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Exploiting Cisco with FX
Federico Biancuzzi, 2005-08-31

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Do you think that we will start seeing more advisories from independent researchers addressing Cisco devices?

I certainly hope so. I also hope that they will at least try to talk to PSIRT [link] before releasing the information. There are some good people in PSIRT who need the support from the outside, due to little support from the inside.

Looking at your slides from a previous BlackHat/DEFCON, it's clear that you already exploited Cisco devices successfully. What was your method?

It's pretty much the same thing as Michael's. Exploitation of a vulnerability to execute arbitrary code always happens in three steps: triggering the vulnerability, getting code execution and writing code to do something. Triggering the vulnerability is obviously always different and depend[s] on the bug. The strategy for getting code execution with Cisco IOS heap overflows is the same as with many other heap overflows: overwrite the inline management information and have the victim memory management work with your data. This is what Michael Lynn and myself did. The difference is, that he overwrote less data and therefore got a better (more stable) code execution. Also, as I already mentioned, his third stage (the code) was different.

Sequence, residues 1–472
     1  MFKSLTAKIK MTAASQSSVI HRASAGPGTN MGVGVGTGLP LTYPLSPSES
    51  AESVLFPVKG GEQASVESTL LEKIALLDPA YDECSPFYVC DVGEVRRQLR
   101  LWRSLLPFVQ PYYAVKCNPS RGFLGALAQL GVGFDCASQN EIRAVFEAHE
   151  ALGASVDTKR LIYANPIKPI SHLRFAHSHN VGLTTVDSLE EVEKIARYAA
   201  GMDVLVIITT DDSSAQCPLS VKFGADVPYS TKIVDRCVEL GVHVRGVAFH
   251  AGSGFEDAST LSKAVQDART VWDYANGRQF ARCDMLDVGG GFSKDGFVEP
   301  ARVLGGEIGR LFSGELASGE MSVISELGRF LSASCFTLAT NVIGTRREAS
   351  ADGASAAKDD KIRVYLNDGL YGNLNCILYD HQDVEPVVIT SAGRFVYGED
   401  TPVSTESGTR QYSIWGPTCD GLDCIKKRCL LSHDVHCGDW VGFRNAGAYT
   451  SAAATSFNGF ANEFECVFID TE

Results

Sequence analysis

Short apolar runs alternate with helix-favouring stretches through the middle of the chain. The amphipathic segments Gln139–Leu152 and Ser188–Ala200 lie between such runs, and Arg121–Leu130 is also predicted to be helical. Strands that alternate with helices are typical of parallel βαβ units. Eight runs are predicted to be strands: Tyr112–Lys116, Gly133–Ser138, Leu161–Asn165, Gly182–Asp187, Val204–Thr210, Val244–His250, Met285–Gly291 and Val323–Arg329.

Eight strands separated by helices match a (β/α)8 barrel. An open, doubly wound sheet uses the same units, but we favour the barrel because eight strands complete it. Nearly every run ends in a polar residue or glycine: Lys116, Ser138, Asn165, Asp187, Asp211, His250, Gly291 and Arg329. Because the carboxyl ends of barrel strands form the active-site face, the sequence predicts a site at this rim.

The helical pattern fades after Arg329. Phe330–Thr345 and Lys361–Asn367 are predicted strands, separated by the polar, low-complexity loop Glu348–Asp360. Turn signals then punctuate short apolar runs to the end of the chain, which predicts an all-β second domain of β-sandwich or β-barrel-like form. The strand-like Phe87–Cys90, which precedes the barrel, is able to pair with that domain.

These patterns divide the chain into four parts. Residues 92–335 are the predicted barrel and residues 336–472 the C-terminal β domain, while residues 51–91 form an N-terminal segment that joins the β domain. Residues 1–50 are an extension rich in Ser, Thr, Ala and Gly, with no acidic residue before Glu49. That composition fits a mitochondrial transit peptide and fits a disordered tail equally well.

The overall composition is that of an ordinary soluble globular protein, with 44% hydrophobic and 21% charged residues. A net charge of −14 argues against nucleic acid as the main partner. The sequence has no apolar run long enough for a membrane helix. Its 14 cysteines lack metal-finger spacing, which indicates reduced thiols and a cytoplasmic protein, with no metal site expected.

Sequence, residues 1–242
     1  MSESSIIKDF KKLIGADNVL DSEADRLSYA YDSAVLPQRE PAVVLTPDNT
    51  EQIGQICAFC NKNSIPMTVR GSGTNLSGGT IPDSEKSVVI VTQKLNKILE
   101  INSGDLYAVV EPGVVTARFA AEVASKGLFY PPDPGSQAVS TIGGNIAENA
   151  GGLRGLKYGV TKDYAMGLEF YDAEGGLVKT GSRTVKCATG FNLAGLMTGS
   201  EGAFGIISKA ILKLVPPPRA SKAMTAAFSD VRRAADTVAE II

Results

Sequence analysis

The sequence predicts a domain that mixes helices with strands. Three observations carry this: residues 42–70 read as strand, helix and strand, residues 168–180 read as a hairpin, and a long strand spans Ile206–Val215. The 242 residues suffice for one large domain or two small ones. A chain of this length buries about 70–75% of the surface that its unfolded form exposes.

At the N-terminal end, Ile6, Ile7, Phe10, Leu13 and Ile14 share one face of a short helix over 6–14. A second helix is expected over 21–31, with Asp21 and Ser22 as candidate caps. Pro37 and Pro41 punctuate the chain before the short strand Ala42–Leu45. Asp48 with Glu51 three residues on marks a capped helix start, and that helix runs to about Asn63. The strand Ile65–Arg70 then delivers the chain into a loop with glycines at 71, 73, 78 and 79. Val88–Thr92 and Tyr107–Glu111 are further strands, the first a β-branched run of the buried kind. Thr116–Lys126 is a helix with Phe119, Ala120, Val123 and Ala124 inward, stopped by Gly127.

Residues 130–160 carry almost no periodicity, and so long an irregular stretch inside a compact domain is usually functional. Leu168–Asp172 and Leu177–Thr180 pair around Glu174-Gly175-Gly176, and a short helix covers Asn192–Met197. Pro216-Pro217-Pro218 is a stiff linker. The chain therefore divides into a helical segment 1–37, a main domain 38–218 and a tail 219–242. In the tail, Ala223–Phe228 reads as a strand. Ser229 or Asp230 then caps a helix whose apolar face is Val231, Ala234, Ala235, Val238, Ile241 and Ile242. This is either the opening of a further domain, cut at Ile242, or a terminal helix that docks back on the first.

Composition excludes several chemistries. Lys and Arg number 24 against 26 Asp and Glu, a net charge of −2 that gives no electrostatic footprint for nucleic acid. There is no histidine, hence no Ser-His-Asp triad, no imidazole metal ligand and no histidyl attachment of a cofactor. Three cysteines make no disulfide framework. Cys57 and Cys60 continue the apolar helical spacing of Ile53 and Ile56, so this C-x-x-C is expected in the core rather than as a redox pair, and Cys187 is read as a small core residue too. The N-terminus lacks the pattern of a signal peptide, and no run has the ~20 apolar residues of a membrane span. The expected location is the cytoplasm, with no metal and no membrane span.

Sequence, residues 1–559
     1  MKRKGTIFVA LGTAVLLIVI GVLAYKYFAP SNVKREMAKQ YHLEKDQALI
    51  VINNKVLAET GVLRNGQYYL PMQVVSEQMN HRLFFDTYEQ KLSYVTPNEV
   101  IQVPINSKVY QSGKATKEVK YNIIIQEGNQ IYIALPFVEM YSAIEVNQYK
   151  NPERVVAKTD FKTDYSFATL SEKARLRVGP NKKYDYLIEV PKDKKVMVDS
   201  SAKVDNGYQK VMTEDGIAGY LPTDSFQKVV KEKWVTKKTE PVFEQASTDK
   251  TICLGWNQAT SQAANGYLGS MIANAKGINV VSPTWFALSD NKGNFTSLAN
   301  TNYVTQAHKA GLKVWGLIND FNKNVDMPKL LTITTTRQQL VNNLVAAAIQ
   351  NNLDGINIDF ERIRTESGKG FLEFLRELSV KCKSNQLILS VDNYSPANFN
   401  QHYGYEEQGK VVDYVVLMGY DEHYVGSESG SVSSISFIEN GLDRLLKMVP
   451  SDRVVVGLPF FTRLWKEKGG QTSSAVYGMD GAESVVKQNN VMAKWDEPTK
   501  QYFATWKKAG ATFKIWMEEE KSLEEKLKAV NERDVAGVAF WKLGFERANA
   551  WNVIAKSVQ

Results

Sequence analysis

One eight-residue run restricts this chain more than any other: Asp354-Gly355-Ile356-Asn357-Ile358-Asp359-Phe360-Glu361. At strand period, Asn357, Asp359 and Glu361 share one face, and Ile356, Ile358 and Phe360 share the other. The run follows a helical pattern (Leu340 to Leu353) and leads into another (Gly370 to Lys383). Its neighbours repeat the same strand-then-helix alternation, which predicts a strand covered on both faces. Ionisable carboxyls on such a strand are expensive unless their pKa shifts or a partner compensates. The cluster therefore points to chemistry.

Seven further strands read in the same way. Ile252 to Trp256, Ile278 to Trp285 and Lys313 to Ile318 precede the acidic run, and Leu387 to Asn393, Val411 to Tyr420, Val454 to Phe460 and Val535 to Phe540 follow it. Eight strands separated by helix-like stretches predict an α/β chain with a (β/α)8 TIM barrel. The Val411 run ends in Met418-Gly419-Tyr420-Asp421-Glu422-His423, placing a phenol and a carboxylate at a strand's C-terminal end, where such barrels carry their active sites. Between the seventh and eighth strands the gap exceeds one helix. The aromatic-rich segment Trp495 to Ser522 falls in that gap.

What were the differences between Lynn's and your approach?

[My approach] was three years earlier, much less stable and carried code that replaced the router's configuration or, in the later versions, patched the router's running image to get command line access.

Were you able to get a working shell (VTY) too?

The later shellcodes disabled the password checking, so any password would be valid, but [I] did not export a new VTY as Lynn apparently did.

Why didn't you try to get a VTY with your shellcode too? Did you think it was impossible because of the IOS design?

There were several aspects to it. One was, that I didn't know much about the IOS socket communication at the time I wrote the first exploit. The second was, that often port 23 is filtered by the device you are trying to take over, so you need to replace the configuration anyway. I guess I considered the config replacing code to be more reliable. Come to think of it, I also concentrated on the code execution a lot more than on the code.

Did your method leave any traces on the device?

A replaced configuration on the device could be considered a trace :)

It seems that some european teenagers were likely responsible for the IOS source code theft around May 2004. Until today we haven't heard of any new exploit to get a shell, or any rootkit used against IOS. Do you think it's because nobody used the source code to develop these, or because working with the source code you could become an invisible ghost on Cisco routers?

You don't need the source to become an invisible ghost on routers. I think the code is quite large and from what I have seen posted, it's not very nice code either. So I guess nobody actually sits down and reads the code. Even when you['ve] got the code, without at least one actual device, writing exploits and backdoors is hard if not impossible. Most people simply don't have a Cisco.

Doesn't IOS include any forensic or integrity tools?